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Processed foods and health
Larrytherunner
Posted: Wednesday, October 2, 2019 7:10 AM
Joined: 2/26/2016
Posts: 186


When I was in my early fifties, I started having problems with bloating and intestinal gas all the time. I was diagnosed with Irritable Bowel Syndrome (IBS). I was told by doctors over the years to eliminate various foods, and I took various medicines short term (they didn't work). None of them mentioned eliminating processed foods. Nothing they recommended worked.

 

In 2009 when I retired at 62, I moved from Atlanta, GA to Ghana. Within two weeks, my IBS, with all the bloating, was gone, which was totally unexpected. Looking back, here are some of reasons for this change.

 

In the US, I was eating lots of processed foods like cereals, fast food, bread, cafeteria food, sacks, etc. In other words, I was getting all the added chemicals and added sugar of the typical American diet. Even the cafeteria at my work place used prepackaged food and ingredients which were full of added chemicals and sugar. Also the only food available when the cafeteria was closed was from vending machines and snack bars. At home I wasn't getting any home cooked food but just eating warmed up food made at a factory somewhere.

 

I don't know which of the hundreds of added chemicals in my food caused my IBS, and if all that added sugar was also a factor. Also we know that some of those chemicals in our food can cross the blood-brain-barrier and we don't know how they effect our brain health. Some of the older chemicals have never been tested on animals and are asumed to be safe. Newer food chemicals are tested not by the government but by the companies that apply for their approval by the FDA. I myself don't feel very confident about their safety. I think the EU does a much better job of protecting their populations from harmful chemicals added to the food than the US.

 

Now I feel a lot better living in a country where natural food is easy to get. I am also lucky that I have a lovely wife from Ghana who cooks from scratch and takes good care of me.

 

https://www.npr.org/sections/thesalt/2019/05/24/725470305/opinion-why-ditching-processed-foods-wont-be-easy-the-barriers-to-cooking-from-s?utm_medium=RSS&utm_campaign=health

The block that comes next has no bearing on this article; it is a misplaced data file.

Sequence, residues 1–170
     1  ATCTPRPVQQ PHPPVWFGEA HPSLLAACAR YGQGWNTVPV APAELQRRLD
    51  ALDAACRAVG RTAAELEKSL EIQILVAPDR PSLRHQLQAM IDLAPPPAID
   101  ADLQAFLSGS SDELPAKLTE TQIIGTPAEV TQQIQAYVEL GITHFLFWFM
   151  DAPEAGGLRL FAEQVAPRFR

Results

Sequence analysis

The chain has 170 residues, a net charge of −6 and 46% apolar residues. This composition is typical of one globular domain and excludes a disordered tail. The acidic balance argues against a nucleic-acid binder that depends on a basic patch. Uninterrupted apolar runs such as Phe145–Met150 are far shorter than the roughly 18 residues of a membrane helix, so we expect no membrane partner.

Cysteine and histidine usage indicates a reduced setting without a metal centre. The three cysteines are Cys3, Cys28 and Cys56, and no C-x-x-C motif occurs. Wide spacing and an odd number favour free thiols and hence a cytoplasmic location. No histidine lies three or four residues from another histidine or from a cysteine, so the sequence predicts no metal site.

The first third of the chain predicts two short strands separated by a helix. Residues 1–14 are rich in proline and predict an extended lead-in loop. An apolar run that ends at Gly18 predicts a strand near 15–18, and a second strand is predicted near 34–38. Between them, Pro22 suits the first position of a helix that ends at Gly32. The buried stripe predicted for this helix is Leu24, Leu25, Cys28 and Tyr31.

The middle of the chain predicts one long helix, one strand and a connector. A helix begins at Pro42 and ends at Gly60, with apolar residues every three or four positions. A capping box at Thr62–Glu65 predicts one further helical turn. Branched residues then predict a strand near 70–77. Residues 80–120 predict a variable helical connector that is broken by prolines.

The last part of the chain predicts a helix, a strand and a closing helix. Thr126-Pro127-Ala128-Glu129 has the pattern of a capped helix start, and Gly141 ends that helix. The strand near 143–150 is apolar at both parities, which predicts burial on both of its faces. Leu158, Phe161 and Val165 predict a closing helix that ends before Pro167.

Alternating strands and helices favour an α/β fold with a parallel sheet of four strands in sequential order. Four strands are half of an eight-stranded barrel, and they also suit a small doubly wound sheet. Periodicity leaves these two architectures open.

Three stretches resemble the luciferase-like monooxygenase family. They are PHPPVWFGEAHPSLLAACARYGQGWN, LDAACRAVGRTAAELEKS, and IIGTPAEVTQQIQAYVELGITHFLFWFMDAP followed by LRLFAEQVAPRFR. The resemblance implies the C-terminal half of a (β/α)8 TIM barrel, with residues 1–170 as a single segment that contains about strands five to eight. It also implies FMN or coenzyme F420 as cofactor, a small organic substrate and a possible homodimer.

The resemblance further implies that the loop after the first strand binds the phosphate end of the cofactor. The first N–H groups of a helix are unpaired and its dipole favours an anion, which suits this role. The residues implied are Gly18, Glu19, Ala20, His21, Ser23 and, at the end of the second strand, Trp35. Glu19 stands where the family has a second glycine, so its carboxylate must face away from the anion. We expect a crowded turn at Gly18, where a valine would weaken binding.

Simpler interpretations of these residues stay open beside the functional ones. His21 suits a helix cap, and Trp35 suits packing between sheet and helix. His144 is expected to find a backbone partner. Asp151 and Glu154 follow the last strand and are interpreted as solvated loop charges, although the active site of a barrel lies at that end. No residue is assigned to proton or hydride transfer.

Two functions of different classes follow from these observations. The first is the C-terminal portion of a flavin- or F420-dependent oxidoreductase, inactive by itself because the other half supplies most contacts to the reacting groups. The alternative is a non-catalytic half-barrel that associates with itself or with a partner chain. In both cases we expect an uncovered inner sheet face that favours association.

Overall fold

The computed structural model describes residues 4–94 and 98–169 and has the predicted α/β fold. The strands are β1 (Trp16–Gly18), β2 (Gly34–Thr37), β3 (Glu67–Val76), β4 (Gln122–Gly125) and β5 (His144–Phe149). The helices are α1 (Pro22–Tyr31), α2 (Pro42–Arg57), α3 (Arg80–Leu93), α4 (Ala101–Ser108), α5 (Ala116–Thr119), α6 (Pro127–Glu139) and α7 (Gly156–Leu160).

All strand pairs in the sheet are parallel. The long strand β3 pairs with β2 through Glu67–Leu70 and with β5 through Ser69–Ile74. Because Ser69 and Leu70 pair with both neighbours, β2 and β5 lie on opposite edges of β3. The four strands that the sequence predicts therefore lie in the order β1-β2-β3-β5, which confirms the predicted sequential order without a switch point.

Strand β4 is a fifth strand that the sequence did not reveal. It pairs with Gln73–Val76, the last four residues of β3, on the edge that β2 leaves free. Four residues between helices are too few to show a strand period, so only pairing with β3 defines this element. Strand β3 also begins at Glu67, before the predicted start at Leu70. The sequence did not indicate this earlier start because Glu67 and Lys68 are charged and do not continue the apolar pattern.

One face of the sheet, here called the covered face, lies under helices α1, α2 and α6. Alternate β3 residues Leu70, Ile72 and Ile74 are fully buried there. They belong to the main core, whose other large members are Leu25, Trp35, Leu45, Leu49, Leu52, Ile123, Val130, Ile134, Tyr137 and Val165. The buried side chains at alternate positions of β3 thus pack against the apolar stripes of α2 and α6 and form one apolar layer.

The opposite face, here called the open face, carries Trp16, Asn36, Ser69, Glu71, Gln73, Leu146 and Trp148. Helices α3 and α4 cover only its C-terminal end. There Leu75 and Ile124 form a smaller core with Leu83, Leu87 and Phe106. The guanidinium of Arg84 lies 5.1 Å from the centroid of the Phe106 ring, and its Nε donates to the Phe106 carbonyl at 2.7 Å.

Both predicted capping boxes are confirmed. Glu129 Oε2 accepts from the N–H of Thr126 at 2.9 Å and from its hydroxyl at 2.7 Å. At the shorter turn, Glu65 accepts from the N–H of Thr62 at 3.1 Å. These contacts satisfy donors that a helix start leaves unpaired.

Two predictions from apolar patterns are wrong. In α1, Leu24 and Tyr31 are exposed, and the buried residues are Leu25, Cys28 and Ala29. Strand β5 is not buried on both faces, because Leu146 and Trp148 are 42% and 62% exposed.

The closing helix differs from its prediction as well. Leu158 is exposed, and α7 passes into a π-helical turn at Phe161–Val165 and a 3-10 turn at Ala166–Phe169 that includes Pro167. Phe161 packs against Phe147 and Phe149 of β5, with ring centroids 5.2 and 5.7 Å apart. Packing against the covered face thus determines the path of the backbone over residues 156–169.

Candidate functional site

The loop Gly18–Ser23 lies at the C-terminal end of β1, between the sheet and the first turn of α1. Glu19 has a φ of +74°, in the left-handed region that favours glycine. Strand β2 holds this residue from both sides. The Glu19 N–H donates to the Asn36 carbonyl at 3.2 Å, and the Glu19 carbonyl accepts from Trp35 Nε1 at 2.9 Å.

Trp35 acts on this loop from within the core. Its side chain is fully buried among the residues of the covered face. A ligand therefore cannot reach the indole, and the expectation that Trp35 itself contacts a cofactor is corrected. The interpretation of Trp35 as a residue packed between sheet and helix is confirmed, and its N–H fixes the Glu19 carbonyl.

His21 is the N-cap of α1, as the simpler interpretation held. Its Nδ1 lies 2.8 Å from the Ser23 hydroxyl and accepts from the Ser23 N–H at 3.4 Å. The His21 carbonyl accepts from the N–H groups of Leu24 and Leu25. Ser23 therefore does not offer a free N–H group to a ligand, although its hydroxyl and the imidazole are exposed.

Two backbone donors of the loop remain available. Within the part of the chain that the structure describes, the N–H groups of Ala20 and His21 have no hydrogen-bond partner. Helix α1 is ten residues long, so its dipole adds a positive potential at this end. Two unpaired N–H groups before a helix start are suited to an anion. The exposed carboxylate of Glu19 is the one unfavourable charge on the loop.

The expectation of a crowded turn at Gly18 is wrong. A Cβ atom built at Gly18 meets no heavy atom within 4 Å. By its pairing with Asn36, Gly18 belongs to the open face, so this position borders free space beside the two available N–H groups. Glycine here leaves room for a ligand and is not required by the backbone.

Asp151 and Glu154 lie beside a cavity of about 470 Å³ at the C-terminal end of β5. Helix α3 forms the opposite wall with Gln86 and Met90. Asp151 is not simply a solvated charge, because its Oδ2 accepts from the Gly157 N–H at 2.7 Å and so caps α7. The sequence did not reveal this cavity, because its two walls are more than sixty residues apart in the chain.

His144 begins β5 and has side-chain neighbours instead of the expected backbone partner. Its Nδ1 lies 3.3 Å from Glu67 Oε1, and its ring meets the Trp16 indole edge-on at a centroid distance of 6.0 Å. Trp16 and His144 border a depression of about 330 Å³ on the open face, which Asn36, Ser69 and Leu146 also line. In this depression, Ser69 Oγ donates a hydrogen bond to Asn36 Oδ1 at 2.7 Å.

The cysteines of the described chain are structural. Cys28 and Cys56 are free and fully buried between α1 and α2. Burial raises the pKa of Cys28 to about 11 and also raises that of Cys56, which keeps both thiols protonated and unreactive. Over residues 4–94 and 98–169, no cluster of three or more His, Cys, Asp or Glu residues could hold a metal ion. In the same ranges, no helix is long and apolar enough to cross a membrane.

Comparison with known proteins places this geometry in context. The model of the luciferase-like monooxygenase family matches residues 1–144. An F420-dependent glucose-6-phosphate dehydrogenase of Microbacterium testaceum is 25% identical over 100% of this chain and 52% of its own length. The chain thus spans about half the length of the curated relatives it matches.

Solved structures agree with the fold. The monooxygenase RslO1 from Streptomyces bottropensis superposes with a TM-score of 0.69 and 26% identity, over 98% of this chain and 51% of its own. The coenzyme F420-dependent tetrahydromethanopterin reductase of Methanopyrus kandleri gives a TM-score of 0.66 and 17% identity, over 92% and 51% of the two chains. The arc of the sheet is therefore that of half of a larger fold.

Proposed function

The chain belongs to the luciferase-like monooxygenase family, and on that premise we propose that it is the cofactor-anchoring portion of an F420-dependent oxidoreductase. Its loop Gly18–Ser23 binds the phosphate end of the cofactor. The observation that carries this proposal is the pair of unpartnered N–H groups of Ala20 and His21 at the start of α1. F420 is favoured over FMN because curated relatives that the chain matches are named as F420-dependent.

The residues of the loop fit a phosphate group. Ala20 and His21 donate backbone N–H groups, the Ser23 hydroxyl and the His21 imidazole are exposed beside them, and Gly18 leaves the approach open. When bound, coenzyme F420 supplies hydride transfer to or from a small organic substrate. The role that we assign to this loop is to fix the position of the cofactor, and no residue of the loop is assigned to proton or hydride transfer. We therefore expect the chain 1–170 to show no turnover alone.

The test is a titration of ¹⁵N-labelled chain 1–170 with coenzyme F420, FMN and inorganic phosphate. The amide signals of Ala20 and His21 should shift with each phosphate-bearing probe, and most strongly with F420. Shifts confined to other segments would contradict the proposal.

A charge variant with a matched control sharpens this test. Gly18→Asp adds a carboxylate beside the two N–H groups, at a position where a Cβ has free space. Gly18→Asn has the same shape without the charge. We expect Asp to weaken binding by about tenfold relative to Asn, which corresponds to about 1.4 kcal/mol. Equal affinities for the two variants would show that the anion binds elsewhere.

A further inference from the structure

RWOODS
Posted: Sunday, October 6, 2019 2:32 PM
Joined: 7/23/2019
Posts: 3


I have been recently looking my closely at my husbands diet. He has vascular dementia from a stroke last year while undergoing surgery. What I realized was that his sugar intake was high (soda, cookies, ice cream etc.). We were eating out more often because he liked the socialization our Grille restaurant offers. He put on 25 pounds in the last six months. I have changed our habits to incorporate a more mediterranean diet-- more fruits, whole grains,vegetables in other words real food. I also added a muti-vitamin, vitamin D3 and a probiotic. I have read "gut health" relates to "brain health". I have seen some small changes in his memory recall. What I mean is if I tell him something and he asks the question again. Once I repeat he usually says "oh that right you told me that". I firmly believe we can rewire the pathways in the brain with the support of proper nutrition, supplements an medication.

Iris L.
Posted: Thursday, October 17, 2019 11:20 PM
Joined: 12/15/2011
Posts: 16187


When I was in Senegal West Africa, the menu was fish or chicken with white rice and vegetables.  They cook with palm oil.  The beverage was water or tea or a small soft drink (7 oz)--no big gulps. There was no dessert as we know it--cakes, cookies or pies.  No candy or chips or other between-meal snacks.  Portions were small--no super-sizing.  After dinner the kitchen was closed--no night snacking.  I lost 25 lbs in 6 weeks without trying.  This type of African eating can be beneficial--small meals, no sweets, no between- meal or night snacking.

Iris


Michael Ellenbogen
Posted: Friday, October 18, 2019 6:56 AM
Joined: 11/30/2011
Posts: 2657


Very interesting. 


Larrytherunner
Posted: Monday, October 21, 2019 6:38 AM
Joined: 2/26/2016
Posts: 186


Iris, the same thing happened to me. I lost about 20 pounds in my first three months in Ghana without trying, going down to 125 pounds on my 5 feet 7 frame. I have kept that weight and it makes it a lot easier to jog everyday.
 
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